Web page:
In 1868, the Republican ticket of Gen. Ulysses S. Grant and Schulyer Colfax prevailed over the Democratic ticket of Horatio Seymour and Francis Preston Blair.
The Republicans received 52.7 percent of the popular vote and 214 electoral votes, while the Democrats received 47.3 percent of the popular vote and 80 electoral votes.
In 1896, the Republicans again took the prize, with William McKinley and Garret Hobart outpolling Democrats William Jennings Bryan and Arthur Sewall, despite Bryan's impassioned oratory, mostly famously the Cross of Gold speech.
McKinley-Hobart took 51.1 percent of the popular vote and 271 electoral votes, versus 45.8 percent and 176 for Bryan-Sewall. Bryan, nicknamed "the Great Commoner," did however invent the national stump tour in this election, traveling about 18,000 miles in the months before voting day.
In 1908, William Jennings Bryan lost again (his third and final defeat), with John W. Kern as his running mate. The victors were the Republicans William Howard Taft and James S. Sherman.
This time around, Bryan captured 43 percent of the popular vote and 162 electoral votes; Taft got 51.6 percent of the popular votes and 321 electoral votes.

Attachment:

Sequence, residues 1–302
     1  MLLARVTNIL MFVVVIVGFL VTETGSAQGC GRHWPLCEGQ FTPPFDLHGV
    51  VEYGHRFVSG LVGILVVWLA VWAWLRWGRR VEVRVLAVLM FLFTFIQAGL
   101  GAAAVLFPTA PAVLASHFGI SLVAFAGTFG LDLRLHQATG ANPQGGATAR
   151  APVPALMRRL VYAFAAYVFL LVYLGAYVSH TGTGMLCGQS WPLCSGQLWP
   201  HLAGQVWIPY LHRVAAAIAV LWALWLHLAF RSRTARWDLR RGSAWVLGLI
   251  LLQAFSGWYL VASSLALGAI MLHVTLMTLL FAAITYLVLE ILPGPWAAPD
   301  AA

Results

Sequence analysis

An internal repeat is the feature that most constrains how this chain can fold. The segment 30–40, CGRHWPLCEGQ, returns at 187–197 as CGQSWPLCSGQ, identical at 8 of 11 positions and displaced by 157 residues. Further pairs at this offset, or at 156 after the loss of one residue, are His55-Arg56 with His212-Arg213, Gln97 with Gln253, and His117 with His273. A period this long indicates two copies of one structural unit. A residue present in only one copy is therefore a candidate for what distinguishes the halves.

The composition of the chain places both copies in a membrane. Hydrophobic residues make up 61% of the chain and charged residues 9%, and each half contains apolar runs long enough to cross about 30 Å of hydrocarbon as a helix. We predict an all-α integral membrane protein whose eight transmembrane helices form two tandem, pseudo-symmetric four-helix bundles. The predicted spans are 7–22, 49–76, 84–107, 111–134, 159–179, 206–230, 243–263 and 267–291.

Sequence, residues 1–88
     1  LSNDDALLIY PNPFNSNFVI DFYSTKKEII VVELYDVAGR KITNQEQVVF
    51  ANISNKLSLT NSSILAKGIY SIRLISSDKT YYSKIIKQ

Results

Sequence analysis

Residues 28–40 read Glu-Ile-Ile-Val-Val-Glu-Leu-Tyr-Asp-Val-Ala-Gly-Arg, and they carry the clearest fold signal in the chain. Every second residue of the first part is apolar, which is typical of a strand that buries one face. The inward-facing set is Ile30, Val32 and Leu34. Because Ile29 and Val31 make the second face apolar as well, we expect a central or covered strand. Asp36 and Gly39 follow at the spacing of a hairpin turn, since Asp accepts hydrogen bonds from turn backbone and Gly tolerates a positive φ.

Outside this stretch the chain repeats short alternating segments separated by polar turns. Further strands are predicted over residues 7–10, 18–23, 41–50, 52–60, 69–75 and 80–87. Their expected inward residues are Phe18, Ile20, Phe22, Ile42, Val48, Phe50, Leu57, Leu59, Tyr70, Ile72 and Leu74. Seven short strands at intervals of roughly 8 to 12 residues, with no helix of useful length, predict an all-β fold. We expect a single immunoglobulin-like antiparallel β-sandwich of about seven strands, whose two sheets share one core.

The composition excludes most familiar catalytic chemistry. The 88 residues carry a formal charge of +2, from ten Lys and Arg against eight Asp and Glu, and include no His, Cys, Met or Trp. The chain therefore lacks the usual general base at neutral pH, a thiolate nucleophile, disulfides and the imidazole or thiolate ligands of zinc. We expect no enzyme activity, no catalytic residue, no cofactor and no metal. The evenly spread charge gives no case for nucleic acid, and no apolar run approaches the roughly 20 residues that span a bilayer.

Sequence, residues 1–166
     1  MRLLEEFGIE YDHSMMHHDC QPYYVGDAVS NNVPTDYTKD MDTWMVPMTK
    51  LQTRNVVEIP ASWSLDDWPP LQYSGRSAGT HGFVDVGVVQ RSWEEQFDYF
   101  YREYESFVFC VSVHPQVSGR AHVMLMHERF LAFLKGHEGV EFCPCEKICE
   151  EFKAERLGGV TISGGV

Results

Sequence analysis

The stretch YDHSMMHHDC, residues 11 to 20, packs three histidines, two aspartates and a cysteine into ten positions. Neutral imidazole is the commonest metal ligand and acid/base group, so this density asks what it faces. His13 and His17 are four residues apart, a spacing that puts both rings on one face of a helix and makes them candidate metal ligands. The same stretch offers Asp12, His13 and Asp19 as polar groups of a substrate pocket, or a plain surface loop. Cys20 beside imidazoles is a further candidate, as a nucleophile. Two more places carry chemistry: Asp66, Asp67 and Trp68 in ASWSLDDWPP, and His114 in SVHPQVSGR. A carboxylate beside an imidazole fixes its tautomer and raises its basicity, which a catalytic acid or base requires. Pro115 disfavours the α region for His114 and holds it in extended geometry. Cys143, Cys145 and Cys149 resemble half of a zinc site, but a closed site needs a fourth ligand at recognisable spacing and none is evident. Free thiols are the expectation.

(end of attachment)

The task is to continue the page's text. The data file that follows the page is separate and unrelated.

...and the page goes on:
In 1936, President Franklin D. Roosevelt and Vice President John Nance Garner crushed Republican challengers Alf Landon and Frank Knox, with the Democrats winning 60.8 percent of the popular vote and 523 electoral votes. The Republicans took 36.5 percent of the popular vote and eight electoral votes, those of Maine and Vermont. Landon, incidentally, long outlived everyone else running in '36, finally passing away at the age of 100 in 1987, though Garner lived almost to 99 years of age, dying in 1967. Knox, later FDR's Secretary of the Navy, died in '44 and FDR himself died in '45.
In 1964, President Lyndon Johnson and Hubert Humphrey were also the beneficiaries of a Democratic landslide, collecting 61.1 percent of the popular vote and 486 electoral votes, versus Barry Goldwater and William E. Miller's 38.5 percent and 52 electoral votes.